It’s an important statement in our fast-changing world where trends come and go.  Electronics, clothes, and single-use items get easily discarded and end up in landfills where they may break down and harm animals. Refusing to buy more limits the products in circulation, and reduces the size of landfills.

3. Reuse, reduce, recycle

If you’re already buying less, you’re definitely following the 3Rs. Buying less means helps us build a habit of reusing the items we already have. We save costs because we don’t need to buy new items. And we reduce the amount of waste that we throw out. You can reduce everything from the amount of food waste (by eating them all) to our electricity consumption. When you consume less, you produce fewer carbon dioxide emissions

The same goes for recycling – when you put items in the recycling bin, you put materials back into the supply chain so they can be made into new products. A cyclical economy reduces our need to source new raw materials from nature. 

4. Eat less meat

The meat industry today is one of the leading contributors to climate change. Research by the Food and Agriculture Organization (FAO) found that 25% of the world’s land is used for cattle grazing, while 33% of all available farmland is used for growing soy to feed the cattle. Most of that land used to be woodland and forest that helped remove carbon dioxide from the atmosphere. 

You can help reduce the size of the meat industry by eating less meat. Instead, opt for vegetables, and insects, for the protein. Insects may look gross, but they’re packed full of protein, iron, and vitamins. They can be grown in small areas and urban centers, and you only need to eat a handful to get all the daily nutrients you need. If insects aren’t yet your thing, try a Mediterranean diet with fruits, vegetables, and legumes that will make your heart sing. 

5. Shop local, eat local

Whenever possible, shop for local goods and food. A lot of our daily food products come from farms and packaging plants hundreds of miles away. They’re often transported by trucks, sometimes even by air, which contribute to the rise in greenhouse gases. By eating local food items, you support local businesses and workers who are all a part of your community. You can also build a stronger connection to the locale you’re in, and the seasons that give you seasonal vegetables. 

6. Use energy-saving lights and appliances

It’s tempting to keep everything switched on in our hyperconnected world. There’s always the need to charge our phones or keep Youtube running on our laptops. We’re also spending more time inside, which means we’re keeping the lights on for longer. All of these habits consume energy. For most of us, electricity comes from coal-powered plants that aren’t very kind to the environment.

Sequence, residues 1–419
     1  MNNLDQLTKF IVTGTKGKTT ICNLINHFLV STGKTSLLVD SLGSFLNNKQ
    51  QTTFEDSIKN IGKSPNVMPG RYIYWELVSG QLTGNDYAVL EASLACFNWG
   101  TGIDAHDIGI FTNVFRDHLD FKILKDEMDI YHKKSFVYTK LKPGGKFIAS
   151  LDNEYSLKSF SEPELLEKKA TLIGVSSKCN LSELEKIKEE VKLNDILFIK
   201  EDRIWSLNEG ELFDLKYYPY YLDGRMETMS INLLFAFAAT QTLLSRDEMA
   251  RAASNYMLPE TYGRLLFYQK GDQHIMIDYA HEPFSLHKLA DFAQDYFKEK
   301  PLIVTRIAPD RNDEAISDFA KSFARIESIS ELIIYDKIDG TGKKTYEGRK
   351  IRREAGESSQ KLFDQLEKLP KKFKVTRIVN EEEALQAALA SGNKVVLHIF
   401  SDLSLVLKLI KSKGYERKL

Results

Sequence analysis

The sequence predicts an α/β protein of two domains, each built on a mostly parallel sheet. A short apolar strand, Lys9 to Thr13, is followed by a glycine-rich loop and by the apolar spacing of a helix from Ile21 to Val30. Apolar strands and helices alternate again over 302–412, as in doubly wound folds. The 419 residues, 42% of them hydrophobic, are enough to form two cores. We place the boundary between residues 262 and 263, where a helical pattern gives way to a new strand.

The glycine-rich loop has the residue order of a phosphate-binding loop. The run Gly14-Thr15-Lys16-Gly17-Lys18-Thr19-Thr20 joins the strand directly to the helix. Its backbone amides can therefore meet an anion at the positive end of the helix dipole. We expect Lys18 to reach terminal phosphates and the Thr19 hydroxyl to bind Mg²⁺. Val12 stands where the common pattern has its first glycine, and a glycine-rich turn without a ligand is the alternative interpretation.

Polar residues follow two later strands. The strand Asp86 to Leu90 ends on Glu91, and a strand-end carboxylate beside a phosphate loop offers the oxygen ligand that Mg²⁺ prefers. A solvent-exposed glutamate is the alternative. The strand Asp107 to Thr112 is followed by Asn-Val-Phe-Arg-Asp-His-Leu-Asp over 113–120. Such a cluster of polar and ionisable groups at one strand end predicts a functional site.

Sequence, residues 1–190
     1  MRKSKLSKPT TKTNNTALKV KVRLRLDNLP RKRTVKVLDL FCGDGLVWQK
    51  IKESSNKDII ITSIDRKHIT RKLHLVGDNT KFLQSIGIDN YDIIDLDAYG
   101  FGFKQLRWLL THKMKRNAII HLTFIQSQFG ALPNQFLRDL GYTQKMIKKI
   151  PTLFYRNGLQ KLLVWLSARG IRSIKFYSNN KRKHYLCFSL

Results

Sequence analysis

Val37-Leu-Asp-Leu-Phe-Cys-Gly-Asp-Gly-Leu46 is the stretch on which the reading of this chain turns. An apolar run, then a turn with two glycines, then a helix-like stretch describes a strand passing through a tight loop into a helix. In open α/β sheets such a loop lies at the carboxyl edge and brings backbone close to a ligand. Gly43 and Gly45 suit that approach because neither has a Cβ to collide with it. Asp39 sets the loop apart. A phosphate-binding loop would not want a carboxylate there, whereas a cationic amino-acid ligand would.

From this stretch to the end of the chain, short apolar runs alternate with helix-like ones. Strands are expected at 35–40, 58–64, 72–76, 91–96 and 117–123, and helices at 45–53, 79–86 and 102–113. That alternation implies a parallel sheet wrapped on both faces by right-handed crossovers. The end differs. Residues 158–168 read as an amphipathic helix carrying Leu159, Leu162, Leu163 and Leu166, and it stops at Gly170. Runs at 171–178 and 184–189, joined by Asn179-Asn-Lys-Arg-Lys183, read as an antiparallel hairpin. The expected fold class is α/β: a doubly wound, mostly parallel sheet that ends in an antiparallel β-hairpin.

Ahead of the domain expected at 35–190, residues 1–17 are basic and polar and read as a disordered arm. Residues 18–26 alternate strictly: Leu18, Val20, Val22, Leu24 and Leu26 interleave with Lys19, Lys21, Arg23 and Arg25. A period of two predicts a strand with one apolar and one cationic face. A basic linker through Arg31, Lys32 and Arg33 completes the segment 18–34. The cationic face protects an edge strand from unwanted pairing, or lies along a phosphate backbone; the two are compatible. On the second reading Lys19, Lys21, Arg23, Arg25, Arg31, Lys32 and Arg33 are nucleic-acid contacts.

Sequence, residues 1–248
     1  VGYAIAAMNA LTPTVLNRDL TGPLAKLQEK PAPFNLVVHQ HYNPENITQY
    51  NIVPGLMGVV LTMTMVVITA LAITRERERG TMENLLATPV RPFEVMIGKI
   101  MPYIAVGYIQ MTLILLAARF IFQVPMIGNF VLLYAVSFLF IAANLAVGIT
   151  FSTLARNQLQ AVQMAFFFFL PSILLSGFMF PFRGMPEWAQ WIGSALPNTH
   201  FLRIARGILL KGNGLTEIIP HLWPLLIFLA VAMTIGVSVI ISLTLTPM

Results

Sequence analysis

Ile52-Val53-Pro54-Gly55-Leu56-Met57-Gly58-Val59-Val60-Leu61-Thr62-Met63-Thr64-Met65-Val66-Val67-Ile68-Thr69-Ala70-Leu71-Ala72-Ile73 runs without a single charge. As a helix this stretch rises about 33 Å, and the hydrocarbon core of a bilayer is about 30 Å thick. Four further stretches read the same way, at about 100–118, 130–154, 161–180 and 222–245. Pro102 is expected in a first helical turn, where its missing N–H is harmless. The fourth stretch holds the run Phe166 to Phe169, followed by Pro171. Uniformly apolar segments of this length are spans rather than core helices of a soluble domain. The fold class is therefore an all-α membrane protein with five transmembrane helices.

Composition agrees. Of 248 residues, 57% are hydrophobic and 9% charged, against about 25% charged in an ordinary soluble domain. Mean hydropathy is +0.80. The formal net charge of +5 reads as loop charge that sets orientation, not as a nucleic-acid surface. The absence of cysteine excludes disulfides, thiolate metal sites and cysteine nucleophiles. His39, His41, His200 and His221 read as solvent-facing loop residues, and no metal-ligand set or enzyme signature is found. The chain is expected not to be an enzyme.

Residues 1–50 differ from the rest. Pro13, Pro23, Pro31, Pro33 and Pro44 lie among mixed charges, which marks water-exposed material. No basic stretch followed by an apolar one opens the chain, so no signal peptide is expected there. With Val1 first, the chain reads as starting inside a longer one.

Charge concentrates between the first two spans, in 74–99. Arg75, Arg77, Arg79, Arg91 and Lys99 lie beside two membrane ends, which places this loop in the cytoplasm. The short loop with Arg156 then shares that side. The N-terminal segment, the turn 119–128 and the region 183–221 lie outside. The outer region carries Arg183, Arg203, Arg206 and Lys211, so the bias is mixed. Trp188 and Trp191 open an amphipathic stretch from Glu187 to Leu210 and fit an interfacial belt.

Switching to energy-saving lights and appliances is a good step towards reducing our energy usage. The less the coal-powered plants have to work, the safer our air becomes to breatheAnd before we all make the switch to clean energies, conserving electricity also helps us conserve coal and other limited natural resources.

7. Conserve water

Water may flow freely from our faucets, but that doesn’t mean that it gets replenished easily. Whenever we use water, we’re taking it away from a source and contaminating it. Washing our hands taints water with chemicals, so does doing our laundry. And the more water we use, the more the amount of water that gets contaminated.

In some places, the water we use doesn’t get filtered and recycled back into tap water. It goes straight into the ocean or a river. It’s important to make a habit of conserving water. It’ll limit the number of pollutants that flow into nature.  

8. Choose non-toxic and chemical-free cleaning products

Everyone loves a clean home. But if you’ve been using toxic cleaning products to give that floor a squeaky clean surface, then it’s about time you made the switch to non-toxic and chemical-free cleaning products. 

Why? It’s because the chemicals in our cleaning products can easily evaporate or flow into natural bodies of water, harming aquatic species. These pollutants can persist in the environment, and possibly even enter into our own food chain. Fish may get sick with the pollutants, and plants may absorb them. The best way to prevent that is by using chemical-free cleaning products. 

9. Travel responsibly

Travel is an essential part of our daily lives. We travel to work, to see friends, and to buy food. And now that we have airplanes and private cars, travel has never been easier, or more environmentally destructive. Reports have found that the transport sector emits more greenhouse gases than any other industry, including agriculture and electricity generation. 

To reduce your carbon footprint, travel responsibly. Ride a bike to work or get an electric scooter if you’re in the city. Conserve your trips and use public transport wherever you can. Maybe even vacation closer to home – it’ll save you money and give you a new appreciation of where you live. If you need to use your own car to get around, Aspiration’s Planet Protection program can help you automatically offset the carbon dioxide from every gallon of gas you purchase. 

10. Stay informed

Finally, the most important environmental action you can take is to stay informedKeep up to date about how the world is being affected by climate change. Learn from experts about what must be done to prevent global temperatures from spiking. Speak to friends and family about the impacts of climate change. 

The more we are all informed about climate change, the likelier we are to act against it. Climate change is a daily reality for many people, and we have to make positive changes before it’s too late.